A vote in favor of the company's proposed route through Nebraska would give a boost to the long-delayed project, which was rejected by President Barack Obama in 2015, citing concerns about carbon pollution. President Donald Trump revived it in March, approving a permit.
The project has faced a barrage of criticism from environmental activists and some landowners for nearly a decade. A ruling against the company would cast renewed doubt on the proposal and could lead to another drawn-out legal fight.
Here are some things to know about the decision:
What options does the commission have?
The five-member Nebraska Public Service Commission is forbidden by law from factoring pipeline safety or the risk of spills into its decision because pipeline safety is a federal responsibility. So, it will not take into account a spill of 210,000 gallons of oil on the existing Keystone pipeline in South Dakota announced on Thursday.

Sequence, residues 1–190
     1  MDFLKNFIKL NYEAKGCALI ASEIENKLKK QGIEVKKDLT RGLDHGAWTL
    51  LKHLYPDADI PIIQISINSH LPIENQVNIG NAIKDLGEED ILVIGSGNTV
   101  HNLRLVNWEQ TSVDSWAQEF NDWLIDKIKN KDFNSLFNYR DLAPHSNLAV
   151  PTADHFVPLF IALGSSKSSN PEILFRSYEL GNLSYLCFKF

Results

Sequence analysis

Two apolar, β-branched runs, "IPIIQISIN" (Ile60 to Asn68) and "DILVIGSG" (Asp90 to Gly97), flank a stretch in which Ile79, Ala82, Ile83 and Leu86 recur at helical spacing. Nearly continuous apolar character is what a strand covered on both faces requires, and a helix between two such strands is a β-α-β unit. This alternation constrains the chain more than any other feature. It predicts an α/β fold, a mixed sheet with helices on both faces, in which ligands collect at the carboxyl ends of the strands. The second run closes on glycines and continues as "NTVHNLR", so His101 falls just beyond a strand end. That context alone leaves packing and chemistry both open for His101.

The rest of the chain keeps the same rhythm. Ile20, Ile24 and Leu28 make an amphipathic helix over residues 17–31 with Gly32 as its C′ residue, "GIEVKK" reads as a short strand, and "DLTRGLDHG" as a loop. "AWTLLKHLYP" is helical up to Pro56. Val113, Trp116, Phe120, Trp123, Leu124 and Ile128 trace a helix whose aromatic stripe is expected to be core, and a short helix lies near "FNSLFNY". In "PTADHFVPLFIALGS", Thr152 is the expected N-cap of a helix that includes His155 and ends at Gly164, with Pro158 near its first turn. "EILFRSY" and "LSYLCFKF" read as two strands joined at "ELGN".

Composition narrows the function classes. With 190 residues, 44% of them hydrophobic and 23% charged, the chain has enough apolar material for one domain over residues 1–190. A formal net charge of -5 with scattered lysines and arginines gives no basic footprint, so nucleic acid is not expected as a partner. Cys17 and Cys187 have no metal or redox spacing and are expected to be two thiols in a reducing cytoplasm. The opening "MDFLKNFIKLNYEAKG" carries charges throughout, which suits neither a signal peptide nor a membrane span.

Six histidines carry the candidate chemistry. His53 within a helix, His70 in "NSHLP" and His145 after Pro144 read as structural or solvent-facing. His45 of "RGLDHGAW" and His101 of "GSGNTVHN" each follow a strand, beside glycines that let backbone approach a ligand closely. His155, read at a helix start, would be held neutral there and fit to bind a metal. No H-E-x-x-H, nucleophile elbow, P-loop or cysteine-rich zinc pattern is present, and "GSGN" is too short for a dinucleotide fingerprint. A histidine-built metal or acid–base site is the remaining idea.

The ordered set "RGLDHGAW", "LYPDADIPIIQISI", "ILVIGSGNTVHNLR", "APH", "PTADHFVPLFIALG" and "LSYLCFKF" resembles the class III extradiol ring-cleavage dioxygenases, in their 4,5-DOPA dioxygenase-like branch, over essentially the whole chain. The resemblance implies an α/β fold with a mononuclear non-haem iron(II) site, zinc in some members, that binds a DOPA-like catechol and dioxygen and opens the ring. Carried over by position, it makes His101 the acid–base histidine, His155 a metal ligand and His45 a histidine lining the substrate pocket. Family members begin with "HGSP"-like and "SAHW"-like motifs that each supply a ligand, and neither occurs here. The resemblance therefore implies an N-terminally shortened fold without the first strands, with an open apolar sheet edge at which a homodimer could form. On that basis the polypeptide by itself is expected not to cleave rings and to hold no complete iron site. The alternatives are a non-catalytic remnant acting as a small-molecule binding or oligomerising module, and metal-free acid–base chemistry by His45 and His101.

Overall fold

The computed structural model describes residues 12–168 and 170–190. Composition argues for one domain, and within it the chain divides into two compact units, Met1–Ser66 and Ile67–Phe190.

The simplest choice is a yes-or-no vote on TransCanada's "preferred route" through a dozen Nebraska counties. But the commission could include major caveats that would add years to the project's timetable.
Commissioners could tweak TransCanada's proposed route, or pick one of the company's "alternative" routes. Company officials have said their preferred route causes the least amount of disruption.
If the commission denies the request outright, state law gives TransCanada a 60-day window to revise and resubmit its proposal for another review.
"It's not as simple as a 'guilty' or 'not guilty' verdict," said Brian Jorde, an attorney for Nebraska landowners who are fighting the project.
No matter what the commission decides, any group that presented arguments at an August hearing could appeal the decision to a state district court. The case would likely end up before the Nebraska Supreme Court.
What happens after the decision?
The commission's vote could play a pivotal role in whether TransCanada moves ahead with the pipeline. After years of lobbying for the project, TransCanada acknowledged in a July conference call that executives won't decide until late November or early December whether to begin construction.